By the time of his ninth defence, when he fought Jose “Mantaquilla” Napoles in Paris, all the ring rough edges had been polished off Carlos Monzon. He towered over Mantaquilla and stopped him in seven eye-wateringly one-sided rounds. Napoles` Trainer Angelo Dundee praised Monzon, saying: ” Carlos Monzon is the complete fighter. He can box, he can punch, he can think and he`s game all the way.”
Tall and broad shouldered, if slim, Carlos still had to train extremely hard to reach the one hundred and sixty pounds limit. Don Jose Sulaiman, who went to Paris for the fight as WBC Commissioner, remembers the officials demanding a urine test from Carlos Monzon, following his triumph.
For one hour, the dehydrated, bone-dry Carlos tried to live up to his nickname, but couldn`t squeeze or shed a single drop. So, he finally popped the cork on a champagne bottle and wizzed some of its fizzy spume into the bottle, saying this would have to suffice. No one argued!
Carlos Monzon concluded his amazing career with back-to-back unanimous decision over tough and talented Colombian Rodrigo Valdez. Carlos hung up his gloves aged thirty five, and the remaining seventeen years of his life were restless, turbulent and unfulfilled.
An unsuccessful film, tele- novelas and two failed marriages. Carlos couldn`t adjust to a domestic life. Former WBC Executive Secretary Eduardo Lamazon, said of Carlos: “He was fine…until he had a drink. Journalist Carlos Irustra who also knew Carlos only too well said: “He drank a lot. I believe he was unable to express himself with words. The difference is in the ring it was his work.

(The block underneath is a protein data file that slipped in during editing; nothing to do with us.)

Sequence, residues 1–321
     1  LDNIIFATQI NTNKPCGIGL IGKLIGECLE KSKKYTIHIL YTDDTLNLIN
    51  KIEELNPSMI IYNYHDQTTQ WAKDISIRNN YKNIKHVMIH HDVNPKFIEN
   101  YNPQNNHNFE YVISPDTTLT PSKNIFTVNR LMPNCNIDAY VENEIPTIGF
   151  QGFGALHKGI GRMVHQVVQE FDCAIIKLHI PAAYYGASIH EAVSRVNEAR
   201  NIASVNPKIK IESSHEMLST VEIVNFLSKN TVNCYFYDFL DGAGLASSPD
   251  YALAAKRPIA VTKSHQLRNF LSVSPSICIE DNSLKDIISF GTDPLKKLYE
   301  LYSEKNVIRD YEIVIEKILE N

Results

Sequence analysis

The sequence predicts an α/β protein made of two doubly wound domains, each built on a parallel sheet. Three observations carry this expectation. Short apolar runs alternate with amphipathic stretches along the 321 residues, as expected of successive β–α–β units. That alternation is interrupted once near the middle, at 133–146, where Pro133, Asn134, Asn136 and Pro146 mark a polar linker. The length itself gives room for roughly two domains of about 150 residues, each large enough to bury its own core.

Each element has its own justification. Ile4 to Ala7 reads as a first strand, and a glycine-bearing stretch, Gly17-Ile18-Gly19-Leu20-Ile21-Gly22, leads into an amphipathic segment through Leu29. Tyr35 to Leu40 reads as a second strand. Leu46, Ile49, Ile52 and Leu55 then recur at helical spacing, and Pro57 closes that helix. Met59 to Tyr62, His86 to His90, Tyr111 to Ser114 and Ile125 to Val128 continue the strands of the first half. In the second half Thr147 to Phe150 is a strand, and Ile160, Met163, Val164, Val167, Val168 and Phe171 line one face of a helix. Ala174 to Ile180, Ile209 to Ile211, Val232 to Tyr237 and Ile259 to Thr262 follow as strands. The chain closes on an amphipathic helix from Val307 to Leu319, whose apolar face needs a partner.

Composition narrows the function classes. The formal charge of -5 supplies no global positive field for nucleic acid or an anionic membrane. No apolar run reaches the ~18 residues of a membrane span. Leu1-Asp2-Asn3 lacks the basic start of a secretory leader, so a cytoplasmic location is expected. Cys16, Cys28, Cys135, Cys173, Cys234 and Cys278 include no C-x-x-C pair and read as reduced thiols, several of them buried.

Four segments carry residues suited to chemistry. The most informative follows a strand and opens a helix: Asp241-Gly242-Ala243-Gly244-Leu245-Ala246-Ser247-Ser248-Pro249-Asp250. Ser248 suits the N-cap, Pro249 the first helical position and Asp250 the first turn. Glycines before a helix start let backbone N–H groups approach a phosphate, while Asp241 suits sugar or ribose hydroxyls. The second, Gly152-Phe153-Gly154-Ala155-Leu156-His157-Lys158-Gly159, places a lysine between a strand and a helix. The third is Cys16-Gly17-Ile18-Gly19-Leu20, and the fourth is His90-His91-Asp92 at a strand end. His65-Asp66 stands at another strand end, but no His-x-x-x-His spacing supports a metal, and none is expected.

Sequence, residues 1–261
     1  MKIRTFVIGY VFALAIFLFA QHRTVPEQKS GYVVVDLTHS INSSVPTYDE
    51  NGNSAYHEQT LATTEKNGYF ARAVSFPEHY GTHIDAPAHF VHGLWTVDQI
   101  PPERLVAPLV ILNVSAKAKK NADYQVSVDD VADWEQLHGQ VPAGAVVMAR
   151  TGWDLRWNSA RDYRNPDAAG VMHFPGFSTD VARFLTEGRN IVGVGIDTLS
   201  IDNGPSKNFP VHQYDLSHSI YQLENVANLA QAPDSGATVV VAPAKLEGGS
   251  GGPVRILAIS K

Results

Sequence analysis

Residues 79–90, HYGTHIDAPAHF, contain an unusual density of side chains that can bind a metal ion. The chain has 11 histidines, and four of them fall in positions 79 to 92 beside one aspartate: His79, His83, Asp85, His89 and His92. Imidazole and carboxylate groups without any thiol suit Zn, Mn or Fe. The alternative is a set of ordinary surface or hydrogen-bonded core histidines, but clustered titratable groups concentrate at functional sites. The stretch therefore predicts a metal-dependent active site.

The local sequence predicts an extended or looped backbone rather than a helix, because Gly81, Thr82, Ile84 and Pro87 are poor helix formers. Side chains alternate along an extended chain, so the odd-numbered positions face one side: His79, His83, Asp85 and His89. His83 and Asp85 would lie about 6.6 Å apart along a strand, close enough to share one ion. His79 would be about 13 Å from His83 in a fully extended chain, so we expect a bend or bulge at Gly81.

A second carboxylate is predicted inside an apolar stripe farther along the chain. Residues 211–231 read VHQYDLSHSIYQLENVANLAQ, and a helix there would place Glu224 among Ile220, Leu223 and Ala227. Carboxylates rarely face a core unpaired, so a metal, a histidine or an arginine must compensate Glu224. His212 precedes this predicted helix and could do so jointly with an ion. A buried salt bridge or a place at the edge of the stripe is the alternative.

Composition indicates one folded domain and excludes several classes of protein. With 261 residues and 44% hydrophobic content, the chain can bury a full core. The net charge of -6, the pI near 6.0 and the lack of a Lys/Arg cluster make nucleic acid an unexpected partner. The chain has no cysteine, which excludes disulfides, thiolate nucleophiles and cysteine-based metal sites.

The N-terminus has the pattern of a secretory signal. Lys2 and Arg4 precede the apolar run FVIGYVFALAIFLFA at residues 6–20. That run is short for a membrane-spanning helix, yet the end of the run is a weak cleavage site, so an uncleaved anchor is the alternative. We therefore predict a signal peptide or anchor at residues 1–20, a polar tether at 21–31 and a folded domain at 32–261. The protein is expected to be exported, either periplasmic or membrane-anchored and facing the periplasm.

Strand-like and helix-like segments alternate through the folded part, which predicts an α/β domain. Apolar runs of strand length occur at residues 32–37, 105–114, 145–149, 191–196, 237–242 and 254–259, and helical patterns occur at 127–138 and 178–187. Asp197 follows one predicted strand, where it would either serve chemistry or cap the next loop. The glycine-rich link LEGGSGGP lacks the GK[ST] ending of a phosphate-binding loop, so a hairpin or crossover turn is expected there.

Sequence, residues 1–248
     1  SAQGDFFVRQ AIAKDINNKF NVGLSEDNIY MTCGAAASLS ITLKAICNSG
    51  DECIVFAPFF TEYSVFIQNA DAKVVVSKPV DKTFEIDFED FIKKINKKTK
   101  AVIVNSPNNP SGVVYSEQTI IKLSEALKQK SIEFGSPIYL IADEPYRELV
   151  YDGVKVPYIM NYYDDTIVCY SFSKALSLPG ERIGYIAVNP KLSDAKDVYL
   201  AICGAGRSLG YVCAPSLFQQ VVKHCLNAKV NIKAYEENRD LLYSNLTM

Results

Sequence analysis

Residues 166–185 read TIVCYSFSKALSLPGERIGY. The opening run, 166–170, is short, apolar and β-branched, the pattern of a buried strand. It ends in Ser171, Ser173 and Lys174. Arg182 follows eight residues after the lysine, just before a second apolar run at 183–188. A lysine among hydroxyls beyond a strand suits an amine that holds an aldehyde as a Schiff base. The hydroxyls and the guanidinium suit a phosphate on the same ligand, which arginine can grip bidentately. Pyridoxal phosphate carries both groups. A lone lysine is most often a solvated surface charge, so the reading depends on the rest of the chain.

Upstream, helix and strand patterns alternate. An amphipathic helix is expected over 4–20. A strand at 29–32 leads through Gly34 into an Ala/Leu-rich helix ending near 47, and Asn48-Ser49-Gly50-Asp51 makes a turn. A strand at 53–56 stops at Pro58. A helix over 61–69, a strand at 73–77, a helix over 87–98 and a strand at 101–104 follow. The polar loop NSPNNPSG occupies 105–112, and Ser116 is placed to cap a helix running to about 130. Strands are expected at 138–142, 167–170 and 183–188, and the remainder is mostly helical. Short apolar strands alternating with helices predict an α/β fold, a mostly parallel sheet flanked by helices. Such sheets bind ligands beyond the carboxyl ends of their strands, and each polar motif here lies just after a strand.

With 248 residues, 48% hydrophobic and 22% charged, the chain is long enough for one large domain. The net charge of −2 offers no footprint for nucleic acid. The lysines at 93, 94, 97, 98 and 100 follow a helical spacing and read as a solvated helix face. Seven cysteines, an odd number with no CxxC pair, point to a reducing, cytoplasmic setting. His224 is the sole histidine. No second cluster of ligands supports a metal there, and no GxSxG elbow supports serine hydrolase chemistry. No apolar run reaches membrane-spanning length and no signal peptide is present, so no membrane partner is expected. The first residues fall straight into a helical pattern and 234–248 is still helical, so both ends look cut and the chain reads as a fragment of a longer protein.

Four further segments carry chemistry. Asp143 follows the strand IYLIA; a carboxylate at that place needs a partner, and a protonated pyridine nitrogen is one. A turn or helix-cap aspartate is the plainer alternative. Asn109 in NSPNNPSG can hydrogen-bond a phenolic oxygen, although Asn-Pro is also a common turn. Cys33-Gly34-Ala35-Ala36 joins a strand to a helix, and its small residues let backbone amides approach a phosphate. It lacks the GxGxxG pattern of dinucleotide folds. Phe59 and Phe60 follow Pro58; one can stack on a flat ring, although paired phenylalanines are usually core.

Mike Tyson said: “He was a tough guy for real, a guy from the streets. He didn`t talk much. He didn`t need to. The ring belonged to him.”
He`d defeated Nino Benvenuti, Emile Griffith, Jean Claude Bouttier and Rodrigo Valdez twice, Jose Napoles, Tony Mundine, Denny Moyer, Tom Boggs and Gratien Tonna.
For one who`d floored so many, Carlos Monzon`s was flawed by his explosive temper, which was sometimes vented on the paparazzi. His fundamental strength was his daunting weakness and his ultimate downfall. He himself admitted: “People tell me to count to ten, but I can only reach two!”
On Valentine`s Day 1988, he argued with his second wife Alicia Muniz, threw her off a balcony and he also jumped. He survived but she did not. Carlos was jailed for eleven years. He said: “Me and my bad temper are responsible for this. I`ve killed the love of my life.”
In prison Carlos repented for his terrible crime. He turned to religion and prayed to God for forgiveness. On January 8th 1995, returning to prison after a weekend furlough to see his family, he was driving and the car overturned, killing him and passenger Geronimo Domingo Mottura. Carlos` sister in law Alicia Guadalupe Fessia was injured, but survived.
The World Boxing Council commissioned a statue of Carlos in his home State of Santa Fe. We don`t and never would condone domestic violence, but we recognize Carlos` sporting achievements, which are comparable to those of Diego Maradona, Lionel Messi and Juan Manuel Fangio.
Ultimately, no one judged Carlos Roque Monzon, as harshly as himself and belatedly he changed as a man. In his song about Carlos Monzon entitled: Puno Loco, Leon Gieco sang:
“I made the Heavens fall. I stopped the wind. I made them cry, with just one crazy fist.”